“As someone whose family has been involved in Afghan politics since 2001, we have been targets of the Taliban many times and they have killed and severely injured many of my closest relatives. Since Afghanistan collapsed a few weeks ago, this feeling now that we as Afghans go through, we have not really been eating or sleeping properly. Every minute I think of what happens to my family there, the Taliban can just get in now and connect the dots, figure out their identity and massacre them. So, for the Taliban now announcing general amnesty, they are not going to stick to what they are saying because they have no principles, they are not trustable.”
One of the speakers was a former public figure in Afghanistan who talked openly about women's issues. After her activism, she received many threats and was attacked three times by the Taliban, barely surviving the last attack. She openly shared her situation with participants, and explained her highly moving reality:
"We have lost everything, our lives in Afghanistan, we had to leave everything behind. After the last attack, which nearly killed me, my children were terrified and begged me to stop my activities so I could survive. I am very concerned about their psychological health, because they have lost everything.”
“Afghanistan and its people have been humiliated for the last decades, the humiliation that we went through is unimaginable. Today's Taliban is the same as in the 1990s."
Even though the Taliban are now presenting themselves as a more moderate force and vouching to respect women’s rights and to forgive those who fought against them, the reality from an Afghan civilian perspective looks quite the opposite. Our speakers have voiced their utter concerns that recent developments will undo all the hard work from the last two decades towards a more equal and inclusive society for all people in Afghanistan.
Finally, the most urgent takeaways of Hotspot Afghanistan relate to actions of solidarity with Afghanistan in these conflict times, among Afghans, and from the international community, to support however necessary.
The group provided the following suggestions on how the international arts and culture community can support Afghanistan now and in the future:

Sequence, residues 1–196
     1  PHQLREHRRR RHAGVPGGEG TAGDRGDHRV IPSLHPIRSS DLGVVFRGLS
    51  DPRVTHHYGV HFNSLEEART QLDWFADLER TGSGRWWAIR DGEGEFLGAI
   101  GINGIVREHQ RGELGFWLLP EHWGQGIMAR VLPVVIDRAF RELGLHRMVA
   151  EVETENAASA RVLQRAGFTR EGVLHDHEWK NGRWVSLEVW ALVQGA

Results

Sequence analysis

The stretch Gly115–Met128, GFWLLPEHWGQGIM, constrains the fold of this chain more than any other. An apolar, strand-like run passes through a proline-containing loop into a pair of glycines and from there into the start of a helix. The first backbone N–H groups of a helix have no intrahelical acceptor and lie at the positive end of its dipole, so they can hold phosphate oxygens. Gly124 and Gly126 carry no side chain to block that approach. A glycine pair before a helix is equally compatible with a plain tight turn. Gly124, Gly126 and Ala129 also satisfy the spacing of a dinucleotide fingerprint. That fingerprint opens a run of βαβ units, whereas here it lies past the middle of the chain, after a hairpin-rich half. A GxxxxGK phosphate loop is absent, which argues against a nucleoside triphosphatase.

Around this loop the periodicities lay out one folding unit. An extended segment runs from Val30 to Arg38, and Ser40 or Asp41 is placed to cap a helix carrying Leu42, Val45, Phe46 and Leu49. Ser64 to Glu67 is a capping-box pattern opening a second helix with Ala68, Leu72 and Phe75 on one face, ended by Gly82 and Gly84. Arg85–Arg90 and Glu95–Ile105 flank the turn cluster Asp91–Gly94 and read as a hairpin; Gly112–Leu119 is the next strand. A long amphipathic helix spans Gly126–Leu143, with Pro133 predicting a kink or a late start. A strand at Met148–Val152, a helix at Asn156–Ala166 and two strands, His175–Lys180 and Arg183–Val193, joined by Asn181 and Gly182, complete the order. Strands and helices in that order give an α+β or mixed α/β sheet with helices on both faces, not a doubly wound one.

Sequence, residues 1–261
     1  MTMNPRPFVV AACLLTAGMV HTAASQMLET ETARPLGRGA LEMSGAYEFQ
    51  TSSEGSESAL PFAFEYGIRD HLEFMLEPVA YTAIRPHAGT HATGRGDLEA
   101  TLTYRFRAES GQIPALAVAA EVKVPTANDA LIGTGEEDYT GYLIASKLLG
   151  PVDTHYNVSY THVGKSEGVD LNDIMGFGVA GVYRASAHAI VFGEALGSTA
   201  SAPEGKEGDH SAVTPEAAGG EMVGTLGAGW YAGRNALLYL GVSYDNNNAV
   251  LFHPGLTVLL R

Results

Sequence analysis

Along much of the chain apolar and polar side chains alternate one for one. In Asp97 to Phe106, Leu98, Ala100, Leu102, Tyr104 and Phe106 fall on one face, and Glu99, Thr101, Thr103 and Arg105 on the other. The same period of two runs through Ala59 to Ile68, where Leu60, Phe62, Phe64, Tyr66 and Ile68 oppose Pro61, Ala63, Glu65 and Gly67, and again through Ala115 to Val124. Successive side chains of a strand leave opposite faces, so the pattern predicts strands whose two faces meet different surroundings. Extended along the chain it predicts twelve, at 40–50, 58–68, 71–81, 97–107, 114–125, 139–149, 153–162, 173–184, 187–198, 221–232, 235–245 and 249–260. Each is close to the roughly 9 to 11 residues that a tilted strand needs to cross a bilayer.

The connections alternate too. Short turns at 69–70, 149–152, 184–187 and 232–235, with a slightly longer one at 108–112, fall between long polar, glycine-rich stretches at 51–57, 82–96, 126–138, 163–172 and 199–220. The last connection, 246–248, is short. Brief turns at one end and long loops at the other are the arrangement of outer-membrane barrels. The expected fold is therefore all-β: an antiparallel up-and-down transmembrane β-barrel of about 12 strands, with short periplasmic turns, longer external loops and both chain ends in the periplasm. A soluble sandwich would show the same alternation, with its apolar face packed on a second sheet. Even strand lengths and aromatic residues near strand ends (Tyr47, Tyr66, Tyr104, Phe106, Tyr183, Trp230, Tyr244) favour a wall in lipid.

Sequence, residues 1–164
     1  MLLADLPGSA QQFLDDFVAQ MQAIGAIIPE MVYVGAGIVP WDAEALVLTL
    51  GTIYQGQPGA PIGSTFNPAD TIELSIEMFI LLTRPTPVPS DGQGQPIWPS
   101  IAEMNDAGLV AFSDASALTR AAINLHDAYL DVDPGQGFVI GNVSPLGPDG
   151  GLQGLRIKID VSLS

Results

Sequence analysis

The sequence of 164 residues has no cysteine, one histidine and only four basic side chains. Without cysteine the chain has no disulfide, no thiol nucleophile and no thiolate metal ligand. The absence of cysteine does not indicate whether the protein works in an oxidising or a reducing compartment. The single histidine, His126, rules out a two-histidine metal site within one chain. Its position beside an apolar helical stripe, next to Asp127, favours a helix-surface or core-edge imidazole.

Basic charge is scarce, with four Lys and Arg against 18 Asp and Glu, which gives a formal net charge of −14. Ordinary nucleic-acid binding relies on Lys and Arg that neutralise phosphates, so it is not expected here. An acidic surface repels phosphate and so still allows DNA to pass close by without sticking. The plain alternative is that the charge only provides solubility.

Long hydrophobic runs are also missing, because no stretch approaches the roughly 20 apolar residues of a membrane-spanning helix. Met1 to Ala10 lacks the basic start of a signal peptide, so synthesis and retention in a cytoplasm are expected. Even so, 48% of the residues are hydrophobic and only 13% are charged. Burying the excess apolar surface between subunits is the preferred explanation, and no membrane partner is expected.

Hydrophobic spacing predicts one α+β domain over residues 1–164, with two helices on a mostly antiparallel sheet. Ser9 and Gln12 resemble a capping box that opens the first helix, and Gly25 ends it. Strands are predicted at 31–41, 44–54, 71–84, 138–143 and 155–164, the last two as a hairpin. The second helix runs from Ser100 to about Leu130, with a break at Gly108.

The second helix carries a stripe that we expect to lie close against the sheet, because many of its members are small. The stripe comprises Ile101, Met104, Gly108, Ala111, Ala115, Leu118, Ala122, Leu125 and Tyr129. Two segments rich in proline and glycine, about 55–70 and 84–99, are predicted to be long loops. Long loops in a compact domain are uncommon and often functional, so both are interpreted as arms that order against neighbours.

- urgent need to keep on pressuring international governments to act in evacuating people
- urgent need for monetary assistance both in and outside Afghanistan for dislocated people
- urgent need to share statements and petitions with their government about Afghanistan
- sharing reliable funding or crowdfunding schemes in support of Afghanistan and its people
- contributing to organisations and crowdfunding, if possible, especially those who are trying to still get people out by the end of the month
- continuing to raise awareness globally and keep speaking about Afghanistan
- facilitating and encouraging international collaborative works with Afghan activists, civilians and artists
- fostering opportunities for international networking
- creating pressure from the outside to help people on the inside gain access to information and support that might not be immediately available to Afghan nationals
- create pressure so that governments do not recognise the Taliban as new head of government
- creating residencies outside of Afghanistan for Afghan artists/civilians in need
- using contacts and networks to keep sharing statements about the situation in Afghanistan
- long-term need to keep Afghanistan and its people and the current conflict in focus
Unlike with our previous hotspots, for the safety of speakers and to protect their identities in these conflicting and unstable times, we will not make the names of participants and speakers public.
In response to the current developments in Afghanistan, we are collecting solidarity initiatives to help the arts and culture scene and the people in the country. This page will be updated regularly.
Please send any initiatives you wish to share to firstname.lastname@example.org.